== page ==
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Western Gregg County could face tax vote to start new emergency services district

By Glenn Evans
July 21, 2014 at 11 p.m.

Taxpayers in western Gregg County will get a chance to speak out on whether to tax themselves for fire protection during a public hearing next month.

County commissioners Monday called for a public hearing after accepting a petition signed by 106 registered voters who are property owners in the proposed district. If an election is called for Nov. 4, as proponents hope, all registered voters may cast ballots.

Voter approval would create the county's second Emergency Services District, a sister to one serving the Elderville area south of Longview.

The hearing, set for 6 p.m. Aug. 11 in the Liberty City Community Building, will seek input on establishing a 5-cent tax to bring the 12-firefighter, all-volunteer department more in line with a growing community, Chief Richard Sisk said.

"The community's growing," he said. "We've got a new elementary school being built out here. I counted 12 residential homes being built. You can see people doing dirt work."

Sisk, who has been chief two years, said community support exists to establish the roughly 10-by-12-mile district.

The petition presented Monday was the result of proponents' third drive after earlier mistakenly allowing non-property owners to sign, then missing a deadline by two days in 2013.

"The response from the community is overwhelming," Sisk said. "When we missed the deadline last year, I've had community members calling me since then, asking when we're going to do this."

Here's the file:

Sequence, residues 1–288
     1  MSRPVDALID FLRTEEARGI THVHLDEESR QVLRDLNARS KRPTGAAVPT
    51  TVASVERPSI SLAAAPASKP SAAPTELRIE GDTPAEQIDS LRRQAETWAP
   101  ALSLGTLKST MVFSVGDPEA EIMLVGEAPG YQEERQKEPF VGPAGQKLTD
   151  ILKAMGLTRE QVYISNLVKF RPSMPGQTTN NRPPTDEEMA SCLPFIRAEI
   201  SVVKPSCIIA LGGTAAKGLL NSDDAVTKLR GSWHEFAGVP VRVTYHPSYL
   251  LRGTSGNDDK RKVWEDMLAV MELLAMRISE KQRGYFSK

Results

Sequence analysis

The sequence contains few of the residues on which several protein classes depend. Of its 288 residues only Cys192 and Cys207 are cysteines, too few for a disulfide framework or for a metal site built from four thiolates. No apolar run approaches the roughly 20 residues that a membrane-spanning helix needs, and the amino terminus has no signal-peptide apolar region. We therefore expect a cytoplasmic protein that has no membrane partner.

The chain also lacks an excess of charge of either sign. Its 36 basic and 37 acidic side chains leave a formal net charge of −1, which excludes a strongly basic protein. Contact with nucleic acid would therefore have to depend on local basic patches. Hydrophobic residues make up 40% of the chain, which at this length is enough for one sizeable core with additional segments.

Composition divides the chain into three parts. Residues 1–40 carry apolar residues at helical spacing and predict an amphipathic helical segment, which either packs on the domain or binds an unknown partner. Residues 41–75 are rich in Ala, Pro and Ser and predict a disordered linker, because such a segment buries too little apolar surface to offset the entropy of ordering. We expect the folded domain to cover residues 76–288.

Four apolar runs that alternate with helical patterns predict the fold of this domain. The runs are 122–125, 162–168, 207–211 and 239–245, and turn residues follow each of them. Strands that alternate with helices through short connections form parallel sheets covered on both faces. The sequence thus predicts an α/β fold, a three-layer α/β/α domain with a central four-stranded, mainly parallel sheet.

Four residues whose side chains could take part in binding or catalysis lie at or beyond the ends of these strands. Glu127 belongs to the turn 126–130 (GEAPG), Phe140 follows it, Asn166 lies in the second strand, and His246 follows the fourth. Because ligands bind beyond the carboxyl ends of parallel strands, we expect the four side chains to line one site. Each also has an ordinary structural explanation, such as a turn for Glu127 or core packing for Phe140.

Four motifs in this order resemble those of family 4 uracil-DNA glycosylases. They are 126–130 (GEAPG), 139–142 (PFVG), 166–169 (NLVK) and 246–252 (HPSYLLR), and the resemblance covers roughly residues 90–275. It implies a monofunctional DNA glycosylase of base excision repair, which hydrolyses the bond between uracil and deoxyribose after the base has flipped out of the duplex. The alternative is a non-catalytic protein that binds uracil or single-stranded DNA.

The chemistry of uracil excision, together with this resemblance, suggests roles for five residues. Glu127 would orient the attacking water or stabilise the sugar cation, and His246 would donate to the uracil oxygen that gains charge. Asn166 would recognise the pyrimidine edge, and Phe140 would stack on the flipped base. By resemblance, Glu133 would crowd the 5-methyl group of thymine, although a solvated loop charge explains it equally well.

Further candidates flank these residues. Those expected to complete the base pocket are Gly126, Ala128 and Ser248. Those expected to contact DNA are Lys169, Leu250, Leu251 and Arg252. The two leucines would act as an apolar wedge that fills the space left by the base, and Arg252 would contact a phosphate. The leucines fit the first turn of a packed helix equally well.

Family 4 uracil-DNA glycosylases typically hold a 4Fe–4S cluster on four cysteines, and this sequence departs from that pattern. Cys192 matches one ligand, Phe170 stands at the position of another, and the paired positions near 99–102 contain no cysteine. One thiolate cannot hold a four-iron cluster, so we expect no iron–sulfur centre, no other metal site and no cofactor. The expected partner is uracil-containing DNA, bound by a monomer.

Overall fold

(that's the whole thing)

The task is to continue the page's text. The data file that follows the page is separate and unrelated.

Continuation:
The department's two fire engines are going on 28 and 29 years old, he said. The department also has two tanker trucks and two grassfire trucks.

"We have the capability, but the problem is we're just maintaining equipment," he said. "We should not have to sacrifice the safety of the firefighter to save the community."

Gregg County Elections Administrator Kathryn Nealy told commissioners an Aug. 11 public hearing would put the issue on track to be added to Liberty City area ballots for the Nov. 4 general election.

The Commissioners Court will decide after the public hearing whether the request is worthy of a spot on that ballot.

"You have the authority to determine whether or not it is justified," she told commissioners.

Sisk, who worked Monday and could not attend the commissioners' meeting, said he is confident homeowners would agree to the district and tax rate. A 5-cent tax per $100 property value brings a $50 annual tax increase with no exemptions claimed.

He added the area has high home insurance rates under the lowest and next-to-lowest ratings. The district would equip the community to challenge those poor ratings within two or three years, he said.

"The average homeowner can save hundreds of dollars a year on their homeowner insurance," he said.

Volunteer fire departments statewide are being challenged by their own aging equipment and the need for training, phenomena highlighted by a Texas wildfire epidemic in 2011.

Rusk County voters approved a referendum in 2013 that increased their Emergency Service District tax rate from 3 cents to 7 cents in order to support 16 volunteer departments there.

Needs of volunteer departments are aggravated by the annual diversion of a roughly $90 million fund intended for them. Taken from home insurers' premiums, that dedicated tax has been diverted by lawmakers to help balance the last two state budgets.

"It's just flat wrong to tax Texans for rural fire department training and then not appropriate those monies for those people that put their lives on the line to protect our lives and our property," said Texas Rep. David Simpson, R-Longview, a critic of the budget gimmick. "I'm not generally in favor of having more taxing entities. But that's a local decision, and I'm not going to tell them what to do."



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